“I don’t want people to think the work is done:” Macalester’s Ten Years of Solidarity with New Orleans
In 2006, many 15-passenger vans arrived in New Orleans in the wake of Hurricane Katrina. Faculty, staff, and student volunteers from campuses around the country, including Macalester College, responded to the disaster by mucking out houses, cutting back overgrowth, and helping people find a way home. Ten years after the storm, Macalester continues to stand in solidarity with it’s New Orleans, Louisiana (NOLA) partners, and adapted their involvement as the landscapeof community recovery has evolved. These days, when staff leads Ruth Janisch Lake and Sedric McClure ask their NOLA partners “How can we support you?” their partners tell them that the lessons, struggles, and sustaining cultural institutions of New Orleans must not be forgotten.
“We’re here to discover our common humanity.”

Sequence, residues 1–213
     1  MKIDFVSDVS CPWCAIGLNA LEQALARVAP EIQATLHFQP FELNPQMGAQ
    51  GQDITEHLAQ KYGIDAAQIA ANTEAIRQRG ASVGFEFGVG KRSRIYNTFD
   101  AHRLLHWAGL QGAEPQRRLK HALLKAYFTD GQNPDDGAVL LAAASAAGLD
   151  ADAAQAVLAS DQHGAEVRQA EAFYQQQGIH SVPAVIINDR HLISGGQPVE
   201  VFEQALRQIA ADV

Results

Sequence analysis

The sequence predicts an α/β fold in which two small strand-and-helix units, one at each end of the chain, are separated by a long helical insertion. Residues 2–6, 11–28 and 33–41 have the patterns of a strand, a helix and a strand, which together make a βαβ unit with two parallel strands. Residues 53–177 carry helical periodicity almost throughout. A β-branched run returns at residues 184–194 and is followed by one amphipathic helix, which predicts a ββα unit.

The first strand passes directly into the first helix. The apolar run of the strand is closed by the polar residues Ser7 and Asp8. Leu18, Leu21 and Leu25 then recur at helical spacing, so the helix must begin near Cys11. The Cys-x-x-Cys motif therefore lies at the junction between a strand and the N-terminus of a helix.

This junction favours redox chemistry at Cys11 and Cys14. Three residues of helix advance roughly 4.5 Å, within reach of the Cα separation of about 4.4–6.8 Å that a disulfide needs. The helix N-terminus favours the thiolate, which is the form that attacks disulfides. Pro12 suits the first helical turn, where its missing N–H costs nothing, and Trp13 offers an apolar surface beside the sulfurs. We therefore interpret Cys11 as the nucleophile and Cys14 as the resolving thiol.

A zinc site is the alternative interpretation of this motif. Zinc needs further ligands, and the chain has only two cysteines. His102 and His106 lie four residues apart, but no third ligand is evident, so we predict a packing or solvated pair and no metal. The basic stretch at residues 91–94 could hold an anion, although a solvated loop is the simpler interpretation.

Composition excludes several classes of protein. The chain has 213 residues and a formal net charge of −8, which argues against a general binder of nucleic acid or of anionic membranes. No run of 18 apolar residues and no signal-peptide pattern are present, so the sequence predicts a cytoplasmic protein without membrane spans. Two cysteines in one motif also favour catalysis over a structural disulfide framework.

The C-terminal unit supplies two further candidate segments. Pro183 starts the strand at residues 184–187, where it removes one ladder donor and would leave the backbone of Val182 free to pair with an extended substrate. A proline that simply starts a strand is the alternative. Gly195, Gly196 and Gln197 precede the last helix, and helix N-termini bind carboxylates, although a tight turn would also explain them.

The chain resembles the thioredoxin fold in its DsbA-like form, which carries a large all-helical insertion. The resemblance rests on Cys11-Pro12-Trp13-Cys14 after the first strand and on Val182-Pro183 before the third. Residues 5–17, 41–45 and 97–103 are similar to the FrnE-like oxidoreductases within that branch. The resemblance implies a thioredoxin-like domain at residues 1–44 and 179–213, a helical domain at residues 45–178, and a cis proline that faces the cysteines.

Over the last decade Macalester has built a multifaceted connection with NOLA. In 2009 staff and faculty traveled to NOLA for the Imagining America national conference which laid the foundation for longer term partnerships with several community-based organizations. In January 2010 the Macalester Urban Faculty Colloquium was held in several neighborhoods throughout New Orleans exploring issues of community resiliency. In March of 2010 Macalester’s first-year Bonner Scholars started traveling to New Orleans for a week of study and service to dig into the complex stories of community resiliency, cultural survival, and education reform in NOLA, after preparing for the experience with a semester of curricular and experiential education. McClure tells students, “We’re not here primarily to help. We’re here to discover our common humanity.” Over time, Macalester groups have realized that they could have the greatest impact by not only providing direct service but by dissolving the illusion that New Orleans was somehow not also a story of America. Macalester’s community has been touched broadly by this partnership. Over the past ten years, over 160 students, 11 faculty and 12 staff have traveled to the area. Additionally, the local NOLA alumni group has been reinvigorated and a college trustee from NOLA regularly meets with the Mac representatives.